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MicroRNAs in Myeloid Hematological Malignancies

[ Vol. 16 , Issue. 5 ]


Maria Ciccone and George Adrian Calin   Pages 336 - 348 ( 13 )


MicroRNAs are 19-24 nucleotides noncoding RNAs which silence modulate the expression of target genes by binding to the messenger RNAs. Myeloid malignancies include a broad spectrum of acute and chronic disorders originating from from the clonal transformation of a hematopoietic stem cell. Specific genetic abnormalities may define myeloid malignancies, such as translocation t(9;22) that represent the hallmark of chronic myeloid leukemia. Although next-generation sequencing provided new insights in the genetic characterization and pathogenesis of myeloid neoplasms, the molecular mechanisms underlying myeloid neoplasms are lacking in most cases. Recently, several studies have demonstrated that the expression levels of specific miRNAs may vary among patients with myeloid malignancies compared with healthy individuals and partially unveiled how miRNAs participate in the leukemic transformation process. Finally, in vitro experiments and pre-clinical model provided preliminary data of the safety and efficacy of miRNA inhibitory molecules, opening new avenue in the treatment of myeloid hematological malignancies.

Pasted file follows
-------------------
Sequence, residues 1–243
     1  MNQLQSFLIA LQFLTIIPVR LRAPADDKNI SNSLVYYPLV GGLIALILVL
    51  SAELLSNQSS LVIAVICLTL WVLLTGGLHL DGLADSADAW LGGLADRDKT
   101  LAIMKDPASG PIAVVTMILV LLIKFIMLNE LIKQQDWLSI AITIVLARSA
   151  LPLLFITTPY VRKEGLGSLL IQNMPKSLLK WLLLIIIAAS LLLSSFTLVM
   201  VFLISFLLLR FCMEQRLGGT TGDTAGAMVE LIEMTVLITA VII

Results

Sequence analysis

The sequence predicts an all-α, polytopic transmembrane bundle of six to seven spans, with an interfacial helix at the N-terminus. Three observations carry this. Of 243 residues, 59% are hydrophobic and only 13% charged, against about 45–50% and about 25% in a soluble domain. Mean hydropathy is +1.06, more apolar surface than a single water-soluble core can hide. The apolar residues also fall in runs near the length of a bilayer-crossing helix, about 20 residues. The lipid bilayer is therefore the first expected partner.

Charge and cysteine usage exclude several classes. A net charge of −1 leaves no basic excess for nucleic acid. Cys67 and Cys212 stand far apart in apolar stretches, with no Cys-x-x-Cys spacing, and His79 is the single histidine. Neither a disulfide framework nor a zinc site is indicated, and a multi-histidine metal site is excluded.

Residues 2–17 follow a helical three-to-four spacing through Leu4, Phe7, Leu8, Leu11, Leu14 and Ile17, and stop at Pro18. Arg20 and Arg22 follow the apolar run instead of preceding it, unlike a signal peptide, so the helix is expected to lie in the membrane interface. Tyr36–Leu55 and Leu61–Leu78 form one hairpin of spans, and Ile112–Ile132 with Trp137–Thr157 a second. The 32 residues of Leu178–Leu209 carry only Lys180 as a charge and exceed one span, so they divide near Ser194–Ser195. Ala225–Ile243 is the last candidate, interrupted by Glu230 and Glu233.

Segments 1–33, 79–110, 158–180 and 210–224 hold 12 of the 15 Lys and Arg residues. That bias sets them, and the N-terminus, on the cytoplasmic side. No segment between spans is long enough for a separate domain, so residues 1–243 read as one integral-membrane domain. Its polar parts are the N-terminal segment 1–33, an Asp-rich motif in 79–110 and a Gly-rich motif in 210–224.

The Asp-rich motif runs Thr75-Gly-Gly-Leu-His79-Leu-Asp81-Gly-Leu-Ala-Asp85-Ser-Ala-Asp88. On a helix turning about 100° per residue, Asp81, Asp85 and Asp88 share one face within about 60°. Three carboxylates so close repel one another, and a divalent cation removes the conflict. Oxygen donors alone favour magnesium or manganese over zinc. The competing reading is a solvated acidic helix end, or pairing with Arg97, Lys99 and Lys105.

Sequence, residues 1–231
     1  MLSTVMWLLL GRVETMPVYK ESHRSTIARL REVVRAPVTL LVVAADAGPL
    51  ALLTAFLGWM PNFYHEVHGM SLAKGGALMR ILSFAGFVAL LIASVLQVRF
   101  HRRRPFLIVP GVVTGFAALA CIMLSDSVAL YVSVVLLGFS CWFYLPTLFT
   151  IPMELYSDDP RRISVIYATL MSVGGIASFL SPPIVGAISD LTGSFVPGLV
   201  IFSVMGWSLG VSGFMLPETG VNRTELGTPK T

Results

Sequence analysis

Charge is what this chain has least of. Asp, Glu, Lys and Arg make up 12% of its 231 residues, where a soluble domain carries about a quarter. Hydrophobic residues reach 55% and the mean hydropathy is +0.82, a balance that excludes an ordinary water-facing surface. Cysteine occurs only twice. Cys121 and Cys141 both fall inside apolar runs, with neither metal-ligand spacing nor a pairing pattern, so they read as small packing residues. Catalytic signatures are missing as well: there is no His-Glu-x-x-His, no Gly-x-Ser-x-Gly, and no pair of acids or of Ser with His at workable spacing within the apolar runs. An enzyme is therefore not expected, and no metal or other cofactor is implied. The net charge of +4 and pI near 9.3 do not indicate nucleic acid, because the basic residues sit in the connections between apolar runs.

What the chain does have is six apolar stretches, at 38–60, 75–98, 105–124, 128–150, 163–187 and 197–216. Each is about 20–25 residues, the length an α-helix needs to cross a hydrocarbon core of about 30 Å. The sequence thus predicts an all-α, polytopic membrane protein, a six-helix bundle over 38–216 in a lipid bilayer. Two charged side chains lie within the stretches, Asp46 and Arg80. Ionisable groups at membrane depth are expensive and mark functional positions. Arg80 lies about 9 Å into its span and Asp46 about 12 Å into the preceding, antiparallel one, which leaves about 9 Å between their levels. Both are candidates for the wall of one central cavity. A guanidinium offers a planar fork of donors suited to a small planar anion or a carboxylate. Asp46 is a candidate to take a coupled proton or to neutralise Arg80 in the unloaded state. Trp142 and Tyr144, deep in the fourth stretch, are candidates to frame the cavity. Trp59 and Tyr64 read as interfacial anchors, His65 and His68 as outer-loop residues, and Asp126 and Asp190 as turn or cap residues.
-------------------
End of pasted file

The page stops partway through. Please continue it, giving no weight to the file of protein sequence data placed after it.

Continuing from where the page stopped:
miRNAs, Acute myeloid leukemia, Myelodysplastic syndrome, Myeloproliferative neoplasms.


Department of Experimental Therapeutics, Unit 1950, The University of Texas MD Anderson Cancer Center, 1515 Holcombe Blvd, Houston, TX77030, USA.

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